Do you need a sales process?

Do you need a sales process?

I started my business in 2007. I had these visions of starting the perfect company and, because I was really good at what I did, I thought I was pretty much guaranteed to succeed.

And I certainly kept the company going for years. Which is a big victory, given most companies go bust in the first two. And I stayed good at what I was doing. I’m still amazing at it. But it wasn’t the perfect the company. Far far from it.

Because I thought that being good was enough.

I didn’t think about sales.

Sales was this thing that the slimy guys in shiny suits did. Badgering you and hustling you until you sign the contract, just to get the bugger to shut up.

I didn’t want any part in that. No way.

But the business needed sales. The clients I had just sort of fell into my lap, but I knew they wouldn’t last for ever. More importantly, I needed to raise the company income - it wasn’t enough for the amount of work I was doing - I was flat out all the time and hadn’t had a proper holiday in years.

So I started reading and listening and learning. And I built a sales process.

As I’m a software guy, I tried out different bits of software. I went through lots and lots of CRMs. I settled on one. It didn’t help me. I repeated the process. Eventually, I came across Pipedrive. And that’s when it all clicked for me.

I built a sales pipeline. A process. A set of stages that I lead my potential clients down. And I had a revelation.

This process isn’t here so that I can persuade people to give me money. That’s what the slimy guys in suits do.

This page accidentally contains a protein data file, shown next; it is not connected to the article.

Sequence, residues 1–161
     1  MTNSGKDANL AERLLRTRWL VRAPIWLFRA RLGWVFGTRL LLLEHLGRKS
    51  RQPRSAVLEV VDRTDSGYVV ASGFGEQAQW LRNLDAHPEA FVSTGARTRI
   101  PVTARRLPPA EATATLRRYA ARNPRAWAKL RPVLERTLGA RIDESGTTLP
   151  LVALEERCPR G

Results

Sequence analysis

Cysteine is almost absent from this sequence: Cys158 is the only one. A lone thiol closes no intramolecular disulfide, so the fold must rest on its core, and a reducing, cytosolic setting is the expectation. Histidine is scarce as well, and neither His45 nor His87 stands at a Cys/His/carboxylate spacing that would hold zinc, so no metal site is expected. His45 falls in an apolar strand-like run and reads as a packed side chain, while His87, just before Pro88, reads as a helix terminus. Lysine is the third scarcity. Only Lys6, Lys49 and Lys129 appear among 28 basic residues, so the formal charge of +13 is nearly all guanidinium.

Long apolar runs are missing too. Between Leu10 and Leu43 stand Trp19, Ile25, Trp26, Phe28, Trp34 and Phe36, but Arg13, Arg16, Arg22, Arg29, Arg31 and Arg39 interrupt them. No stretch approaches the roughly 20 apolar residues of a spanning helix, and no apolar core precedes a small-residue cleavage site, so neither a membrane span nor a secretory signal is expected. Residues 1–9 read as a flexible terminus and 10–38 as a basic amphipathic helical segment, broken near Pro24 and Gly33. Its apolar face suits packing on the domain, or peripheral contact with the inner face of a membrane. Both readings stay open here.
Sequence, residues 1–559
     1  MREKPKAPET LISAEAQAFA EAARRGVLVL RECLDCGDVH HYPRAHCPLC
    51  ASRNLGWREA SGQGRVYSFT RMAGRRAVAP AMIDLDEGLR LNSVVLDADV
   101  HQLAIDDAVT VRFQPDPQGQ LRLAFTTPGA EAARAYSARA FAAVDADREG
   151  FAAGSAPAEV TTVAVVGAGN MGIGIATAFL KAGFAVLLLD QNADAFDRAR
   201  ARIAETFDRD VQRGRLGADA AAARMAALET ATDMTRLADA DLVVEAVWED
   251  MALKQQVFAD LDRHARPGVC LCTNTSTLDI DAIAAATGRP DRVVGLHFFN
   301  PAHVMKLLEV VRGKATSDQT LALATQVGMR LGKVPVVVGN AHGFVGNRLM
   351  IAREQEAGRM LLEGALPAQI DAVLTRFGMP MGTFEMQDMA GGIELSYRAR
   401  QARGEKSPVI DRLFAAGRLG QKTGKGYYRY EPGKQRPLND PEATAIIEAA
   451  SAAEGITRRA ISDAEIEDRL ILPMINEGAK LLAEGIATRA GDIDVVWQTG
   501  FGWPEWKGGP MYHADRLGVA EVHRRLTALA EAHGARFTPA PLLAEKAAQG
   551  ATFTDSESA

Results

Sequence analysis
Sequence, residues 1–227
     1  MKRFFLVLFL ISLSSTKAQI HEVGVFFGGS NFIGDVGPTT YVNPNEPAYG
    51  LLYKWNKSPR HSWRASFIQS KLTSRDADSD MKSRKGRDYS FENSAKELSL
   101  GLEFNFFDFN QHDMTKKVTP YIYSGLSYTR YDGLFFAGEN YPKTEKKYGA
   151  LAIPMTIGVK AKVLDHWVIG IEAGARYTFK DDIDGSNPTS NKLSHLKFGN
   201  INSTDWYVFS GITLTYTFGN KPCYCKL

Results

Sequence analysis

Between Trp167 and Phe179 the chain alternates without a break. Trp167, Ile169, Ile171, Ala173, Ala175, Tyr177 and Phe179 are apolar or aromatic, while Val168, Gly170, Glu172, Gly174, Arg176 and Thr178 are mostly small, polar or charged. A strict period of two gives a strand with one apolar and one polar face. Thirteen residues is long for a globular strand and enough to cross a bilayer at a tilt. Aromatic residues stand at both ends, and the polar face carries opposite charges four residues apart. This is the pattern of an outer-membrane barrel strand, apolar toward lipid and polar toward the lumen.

This process is here so I can decide if I want to work with you. Each stage is a series of questions or actions that let me evaluate “do I want this person as a client?”.

Suddenly, sales became something I enjoyed. It wasn’t a job of persuasion, it was a job of qualification. If you make it through my process, I’m pretty sure we’re going to succeed. That made me feel good. And confident.

And it gives my business a load of extra bonuses.

Here are a few questions which I used to answer with a shrug of my shoulders. Today I can answer each with a confident “yes”. And that’s all because I put this process into place.

  • Do I know which meetings and calls I’ve got coming up soon? YES
  • Do I know who I need to follow up with? YES
  • Do I know what my revenue is likely to be in three months time? YES (although it’s nowhere near where I want it to be)
  • Does my assistant know, at a glance, what I said to a customer or prospect last week? YES
  • Do I have a system to turn lost sales into potential new deals? YES

So I’ll go into why these questions are important over the next few days.

And if you know of someone who you think could benefit from this information, please forward this on to them, and let them know they can sign up here.

Take action Answer yes or no to each question. If you want predictable sales for your business you want to be answering yes to at least three of these.

Rahoul Baruah

Rahoul Baruah

Rubyist since 1.8.6. Freelancer since 2007, dedicated to building incredible, low-cost, bespoke software for tiny businesses. Also CTO at Collabor8Online.
Leeds, England